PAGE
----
Gov. John Kasich wants Ohio’s General Assembly to join the effort to get a balanced budget amendment added to the U.S. Constitution. The resolution passed the Senate 28-3 and is now before the House.
The amendment remains an impractical idea. Moreover, the method of adopting it proposed by Mr. Kasich and legislators would open a Pandora’s Box that could threaten every citizen’s well-being and the financial health of the United States.
Under Article V, the Constitution can be amended two ways: by two-thirds votes in the U.S. House and Senate, the tradition used for every amendment adopted since the Bill of Rights in 1789; or a national convention called for by two-thirds (34) of the states — Mr. Kasich’s plan.
The latter is untested and risks creating a runaway convention, despite being ordered by Congress to limit itself to one issue.
Proponents insist delegates would take an oath to limit their actions. They note that the Ohio resolution is worded to limit the convention to one topic. But as the late Supreme Court Chief Justice Warren Burger noted: “The Convention could make its own rules and set its own agenda. … After a Convention is convened, it will be too late to stop the Convention if we don’t like its agenda.”
He cited the 1787 convention. Convened to revise the Articles of Confederation, it ended up discarding its original intent, passing a new Constitution, and forming a new government.
More than 30 states have petitioned for a convention on a balanced budget in the past, but some have rescinded their efforts, reducing the number to 19.
Ohio would be the 20th.
Mr. Kasich concedes that he doesn’t really want a convention: He wants the threat from 34 states to force Congress to act.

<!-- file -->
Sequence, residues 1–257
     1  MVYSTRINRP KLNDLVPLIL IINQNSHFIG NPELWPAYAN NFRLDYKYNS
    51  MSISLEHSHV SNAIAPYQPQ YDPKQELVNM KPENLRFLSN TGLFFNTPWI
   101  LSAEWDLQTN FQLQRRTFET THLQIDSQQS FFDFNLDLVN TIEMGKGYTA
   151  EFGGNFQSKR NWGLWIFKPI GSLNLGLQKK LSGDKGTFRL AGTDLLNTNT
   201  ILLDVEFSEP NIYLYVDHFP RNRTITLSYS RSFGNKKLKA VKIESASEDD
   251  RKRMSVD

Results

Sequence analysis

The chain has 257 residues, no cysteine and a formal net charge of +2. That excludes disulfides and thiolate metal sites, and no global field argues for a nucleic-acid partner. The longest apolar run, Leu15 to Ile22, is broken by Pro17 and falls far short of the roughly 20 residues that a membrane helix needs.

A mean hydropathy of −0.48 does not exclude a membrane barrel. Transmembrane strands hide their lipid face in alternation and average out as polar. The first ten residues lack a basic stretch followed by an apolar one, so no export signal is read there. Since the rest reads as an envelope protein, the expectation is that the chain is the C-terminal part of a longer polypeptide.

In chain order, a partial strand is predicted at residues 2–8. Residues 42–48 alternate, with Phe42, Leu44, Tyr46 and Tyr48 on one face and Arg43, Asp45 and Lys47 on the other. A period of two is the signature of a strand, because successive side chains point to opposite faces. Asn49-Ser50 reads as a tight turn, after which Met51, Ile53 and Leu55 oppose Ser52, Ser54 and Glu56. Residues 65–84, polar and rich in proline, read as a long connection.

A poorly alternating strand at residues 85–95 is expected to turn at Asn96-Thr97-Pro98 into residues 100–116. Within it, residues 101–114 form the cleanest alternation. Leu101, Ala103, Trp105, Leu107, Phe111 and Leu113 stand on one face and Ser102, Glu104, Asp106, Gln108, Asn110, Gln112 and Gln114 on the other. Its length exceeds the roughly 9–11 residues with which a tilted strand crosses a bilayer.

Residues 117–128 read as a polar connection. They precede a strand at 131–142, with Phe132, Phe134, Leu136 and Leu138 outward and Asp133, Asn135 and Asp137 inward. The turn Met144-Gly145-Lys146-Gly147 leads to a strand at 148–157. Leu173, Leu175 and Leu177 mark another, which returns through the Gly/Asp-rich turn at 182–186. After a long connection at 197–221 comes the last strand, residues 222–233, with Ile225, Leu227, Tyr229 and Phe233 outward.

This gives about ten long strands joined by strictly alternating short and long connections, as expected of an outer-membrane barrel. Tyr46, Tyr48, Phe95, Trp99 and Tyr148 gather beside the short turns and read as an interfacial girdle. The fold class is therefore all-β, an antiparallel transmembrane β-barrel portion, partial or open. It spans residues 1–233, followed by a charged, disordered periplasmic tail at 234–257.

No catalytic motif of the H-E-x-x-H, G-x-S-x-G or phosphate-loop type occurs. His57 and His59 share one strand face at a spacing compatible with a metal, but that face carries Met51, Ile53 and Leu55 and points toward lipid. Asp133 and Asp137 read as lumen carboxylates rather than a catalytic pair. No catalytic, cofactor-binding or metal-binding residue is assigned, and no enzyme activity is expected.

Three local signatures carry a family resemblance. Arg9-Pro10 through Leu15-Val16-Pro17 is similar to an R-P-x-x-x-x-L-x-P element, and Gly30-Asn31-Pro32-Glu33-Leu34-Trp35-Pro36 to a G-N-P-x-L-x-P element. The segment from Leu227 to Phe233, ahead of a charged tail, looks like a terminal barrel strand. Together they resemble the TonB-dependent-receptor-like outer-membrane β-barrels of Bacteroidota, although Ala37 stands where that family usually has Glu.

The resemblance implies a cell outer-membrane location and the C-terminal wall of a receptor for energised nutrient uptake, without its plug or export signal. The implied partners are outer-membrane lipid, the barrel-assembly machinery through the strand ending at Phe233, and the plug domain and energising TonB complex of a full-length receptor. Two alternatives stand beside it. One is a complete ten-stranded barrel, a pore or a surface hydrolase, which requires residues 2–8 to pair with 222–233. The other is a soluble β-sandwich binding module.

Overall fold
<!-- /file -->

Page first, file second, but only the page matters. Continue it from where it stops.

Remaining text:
That is a risky strategy. Such a convention could still convene once petitioned and be dictated by the very Tea Party Republicans who recently shut down the government for 16 days.
Even the First Amendment could be tampered with.
Proponents argue that whatever the convention produced would have to be ratified by 38 states to be added to the Constitution.
Mr. Kasich, who supported a federal balanced budget amendment when he was a congressman, argues that the federal goverment’s inability to manage the budget is inexcusable. In the past 50 years, he said, the federal government has had only five balanced budgets and currently carries $16.7 trillion in debt.
No one knows precisely how a balanced budget amendment would be worded, but key provisions could outlaw deficit spending in any year, or require a supermajority vote of both House and Senate to pass an “unbalanced budget,” raise the debt limit, or raise taxes.
The amendment could also limit federal spending to 16.7 percent of the gross domestic product. That number is well below not only what it was in the Reagan Administration, but also for decades, says Richard Kogan, senior fellow at the Center on Budget and Policy Priorities in Washington.
Rigid spending mandates could prohibit the government from reacting to a recession and national emergencies, plunging the nation into worse financial shape. They could force deep spending cuts, including federal aid to Ohio and other states, and hold Congress hostage to brinkmanship exercised by a knot of congressmen whose votes would be needed to reach a required supermajority.
Opposing a balanced budget amendment does not mean opposition to a balanced budget. That is a worthy goal.
But it is not appropriate to tinker with the Constitution by proposing amendments of such narrow focus.
Balancing the budget is the responsibility of Congress, not the Constitution.
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